Benioff praises City Cleanup for Dreamforce, asks why it can’t be like this every day

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Apparently Dreamforce went well this week, and the city’s efforts to clean up the area around the Moscone Center so conventioneers don’t have to step over bodies or needles were a success.

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Many people who go downtown regularly these days will tell you that the daylight hours are pretty good in most places besides the Tenderloin and Sixth Street. But an extra effort was made by the city to make sure the 42,000 people who attended Dreamforce weren’t confronted with too many homeless people, or any open-air drug deals on their way to and from hotels. And Mayor London Breed says the city does this before every convention. What drug problem?

“This is probably the cleanest I’ve ever seen San Francisco… Why can’t San Francisco be like this every day? Why does it take us saying (something)? What is that?” Salesforce CEO Marc Benioff said during a conversation on stage with Governor Gavin Newsom at Dreamforce. Benioff had given the city an ultimatum, essentially, in the days leading up to the convention, suggesting it might leave SF altogether if the city didn’t get rid of the homeless and drug markets.

“Yes, it can be,” Newsom said, and despite not being able to solve homelessness while he was mayor, he said it was up to city officials to do more.

London Breed pushed back, telling ABC 7, “It’s not just because of Dreamforce. There are other conventions. This is what we do for every convention that comes to San Francisco. San Francisco is changing, things are getting better.” Breed also fired back at Newsom by saying, “What I’m doing is not pointing the finger at anybody, but rolling up my sleeves to take full responsibility and do everything we can to address these problems (on the streets).”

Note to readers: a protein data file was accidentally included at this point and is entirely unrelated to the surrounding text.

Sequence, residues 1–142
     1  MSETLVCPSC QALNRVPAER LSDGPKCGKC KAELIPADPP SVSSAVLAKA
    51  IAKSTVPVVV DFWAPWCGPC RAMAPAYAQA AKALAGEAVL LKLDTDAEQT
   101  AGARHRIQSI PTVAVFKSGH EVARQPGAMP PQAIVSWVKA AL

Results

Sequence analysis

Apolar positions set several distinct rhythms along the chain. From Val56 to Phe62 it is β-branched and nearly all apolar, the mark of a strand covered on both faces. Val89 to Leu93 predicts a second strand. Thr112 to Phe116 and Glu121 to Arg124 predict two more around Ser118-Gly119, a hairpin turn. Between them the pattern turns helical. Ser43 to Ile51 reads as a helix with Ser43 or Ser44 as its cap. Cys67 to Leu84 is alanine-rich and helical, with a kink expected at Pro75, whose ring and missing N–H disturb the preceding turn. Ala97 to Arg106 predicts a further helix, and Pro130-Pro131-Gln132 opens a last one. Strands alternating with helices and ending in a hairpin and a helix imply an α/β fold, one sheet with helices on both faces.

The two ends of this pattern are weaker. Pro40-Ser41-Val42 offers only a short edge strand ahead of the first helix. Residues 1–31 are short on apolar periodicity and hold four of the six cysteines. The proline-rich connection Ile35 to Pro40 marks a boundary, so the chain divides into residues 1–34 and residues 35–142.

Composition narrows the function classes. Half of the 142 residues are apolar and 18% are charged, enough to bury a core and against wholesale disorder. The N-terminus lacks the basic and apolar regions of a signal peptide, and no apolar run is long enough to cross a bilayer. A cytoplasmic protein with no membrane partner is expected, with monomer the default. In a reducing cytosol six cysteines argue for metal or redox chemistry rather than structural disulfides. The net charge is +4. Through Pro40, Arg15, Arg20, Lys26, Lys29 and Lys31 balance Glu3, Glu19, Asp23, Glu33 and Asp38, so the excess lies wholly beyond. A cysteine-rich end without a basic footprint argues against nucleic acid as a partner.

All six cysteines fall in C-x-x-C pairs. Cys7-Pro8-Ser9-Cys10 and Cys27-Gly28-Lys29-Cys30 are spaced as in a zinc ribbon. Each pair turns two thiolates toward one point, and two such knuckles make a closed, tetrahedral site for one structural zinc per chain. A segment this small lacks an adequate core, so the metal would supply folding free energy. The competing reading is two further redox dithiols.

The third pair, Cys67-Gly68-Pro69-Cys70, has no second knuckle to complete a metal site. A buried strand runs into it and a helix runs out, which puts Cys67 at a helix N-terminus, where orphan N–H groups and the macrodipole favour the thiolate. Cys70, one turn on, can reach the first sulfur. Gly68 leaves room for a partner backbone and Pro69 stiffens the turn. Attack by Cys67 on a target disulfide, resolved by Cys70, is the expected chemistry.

Parisa Safarzadeh, a spokeswoman for Breed, tells the Chronicle that the mayor’s office was “a little surprised” when Benioff spoke up two weeks ago, threatening to move the conference. “By then, our work was already underway to make sure the place was welcoming and clean for the event,” Safarzadeh said, suggesting the city didn’t just jump into action because a billionaire CEO snapped his fingers.

Phoenix resident Lura Whittier tells ABC 7, “Our hotel is about a mile away, and the walk back and forth feels really safe, and I feel like we’ve had pretty good experiences outside of Dreamforce.”

It shouldn’t be any kind of mystery to Benioff or to local TV reporters how or why the city was able to sweep a few square blocks for three days in the name of $80 million for the local economy. The unwanted ones, in this case, were simply pushed onto other blocks, out of sight.

As the Chronicle reports, the city’s effort essentially boils down to some power-washing and street ambassadors and cops waking people up every morning if they were sleeping or hanging out in places too close to Moscone or out in the open on Market Street, and told them to go somewhere else.

66-year-old Jan Weith, who was sleeping in front of the Walgreens on 4th Street on Wednesday night, told the Chronicle: “The police, security guards, those street ambassadors – everybody was telling me ‘get out of here’ this morning when I woke up at 8 o’clock “

Francis Zamora, spokesman for the Department of Emergency Management, tells the Chronicle that San Francisco’s Coordinated Street Response Program similarly sprang into action for Pride in June and for Fleet Week last fall. But, Zamora says, “we’re glad people are taking note of the investments the city has made over the years to help people in crisis and address street conditions.”

Previously: Dreamforce arrives on Tuesday, bringing celebrities, street closures, traffic, and breathless AI hype


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